We compare four popular NAS appliances

Data Dance


The Netgear model has four disk trays and also allows the configuration of larger volumes. Like the Thecus model, it has an LCD display, but unlike it, no pushbuttons. You can thus quickly discover what IP address the device uses, but you cannot set the IP. Otherwise, the hardware equipment is good; however, the device is not cheap.

The Linux operating software, dubbed ReadyNAS OS here, left the testers somewhat ambivalent. On the one hand, it was the only device in our lab to use Btrfs by default as its NAS filesystem, and it passes on the benefits – such as the ability to grab snapshots – in full to the user. Elsewhere, however, the device is still somewhat immature. It produces completely cryptic error messages (e.g., 1013050001 pre_proc_add_share() failed with status=1 ), which we hope convey something to the developers but are virtually useless to users.

When attempting to download the ReadyNAS Remote Client on Linux, we were incorrectly offered the version for Mac OS – apparently, because there is no Linux version. This also means that Linux users cannot access their NAS from the outside if it resides behind a NAT router.

Additionally, problems with the GUI sends you through endless loops; for example, if you click Cloud in the top menubar of the main menu, you end up on a page that offers you three services: ReadyCloud , ReadyNASReplicate , and ReadyDROP . If you choose ReadyCloud , you are guided through device detection (Discover ) and the Manage link, which are the only choices, then back to the main menu, where you can start over again. This doesn't make any sense, and although this annoyance does not keep you from using the device, but it does show some room for improvement.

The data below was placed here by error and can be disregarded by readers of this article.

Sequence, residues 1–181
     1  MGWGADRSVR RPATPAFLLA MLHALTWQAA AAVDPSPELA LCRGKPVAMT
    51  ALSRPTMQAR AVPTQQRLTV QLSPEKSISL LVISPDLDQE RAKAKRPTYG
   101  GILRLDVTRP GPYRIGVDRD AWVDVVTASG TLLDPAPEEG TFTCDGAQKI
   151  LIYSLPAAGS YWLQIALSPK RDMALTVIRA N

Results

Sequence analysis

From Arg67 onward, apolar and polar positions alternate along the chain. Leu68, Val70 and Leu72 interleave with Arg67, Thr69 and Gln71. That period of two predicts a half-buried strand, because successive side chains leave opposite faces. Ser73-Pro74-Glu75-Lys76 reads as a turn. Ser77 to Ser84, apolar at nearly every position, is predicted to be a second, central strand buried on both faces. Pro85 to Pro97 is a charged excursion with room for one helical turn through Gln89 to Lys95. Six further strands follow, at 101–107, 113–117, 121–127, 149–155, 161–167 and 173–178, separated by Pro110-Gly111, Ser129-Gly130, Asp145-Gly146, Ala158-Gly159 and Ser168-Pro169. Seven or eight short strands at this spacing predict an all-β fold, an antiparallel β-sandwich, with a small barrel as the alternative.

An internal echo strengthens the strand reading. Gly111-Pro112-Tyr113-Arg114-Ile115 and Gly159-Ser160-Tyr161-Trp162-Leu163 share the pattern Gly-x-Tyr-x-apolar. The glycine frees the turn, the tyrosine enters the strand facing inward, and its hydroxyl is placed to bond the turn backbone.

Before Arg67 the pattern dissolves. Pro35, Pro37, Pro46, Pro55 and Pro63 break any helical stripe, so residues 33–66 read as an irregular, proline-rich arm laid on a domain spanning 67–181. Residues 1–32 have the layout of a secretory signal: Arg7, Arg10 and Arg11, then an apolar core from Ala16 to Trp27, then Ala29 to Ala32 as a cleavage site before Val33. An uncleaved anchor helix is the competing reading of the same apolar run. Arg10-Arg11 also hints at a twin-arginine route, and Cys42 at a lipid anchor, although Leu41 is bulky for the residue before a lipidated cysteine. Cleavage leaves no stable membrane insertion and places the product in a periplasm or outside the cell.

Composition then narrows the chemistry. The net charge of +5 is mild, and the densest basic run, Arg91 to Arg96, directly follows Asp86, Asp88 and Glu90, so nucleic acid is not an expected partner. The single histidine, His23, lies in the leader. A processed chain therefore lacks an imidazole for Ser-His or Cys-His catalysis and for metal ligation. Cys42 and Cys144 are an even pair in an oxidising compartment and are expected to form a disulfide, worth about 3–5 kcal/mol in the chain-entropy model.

When looking at the test candidates some people might be asking: Can't I build something like this myself? Sure, you can. With a SoC like the Raspberry Pi, it could even have similar physical dimensions. The commercially available devices all take advantage of the free Linux operating system and rely on its standard tools; there is no wizardry involved here.

However, a hobbyist with a home-built device would have to do without a few features. You would not have a GUI for single-click installation and graphical configuration of selected applications, and the device could not be programmed without unreasonable overhead. Additionally, you would find it difficult to run services such as Dynamic DNS or the externally accessible internal server that allows users to connect from the web. An appealing case for the computer and hotplug-capable disks would be challenging, at least. Also, if you have problems, you would not be able to call the NAS manufacturer for support.

Thus, you probably gain little through DIY. Certainly some applications that you could imagine on a NAS have not yet found their way into the manufacturers' repositories, but these are special cases, and you might be able to solve them on a standard device after installing SSH access. On the other hand, doing so could void your warranty. For example, Netgear reserves the right to require a factory reset in case of support if the admin has enabled SSH access.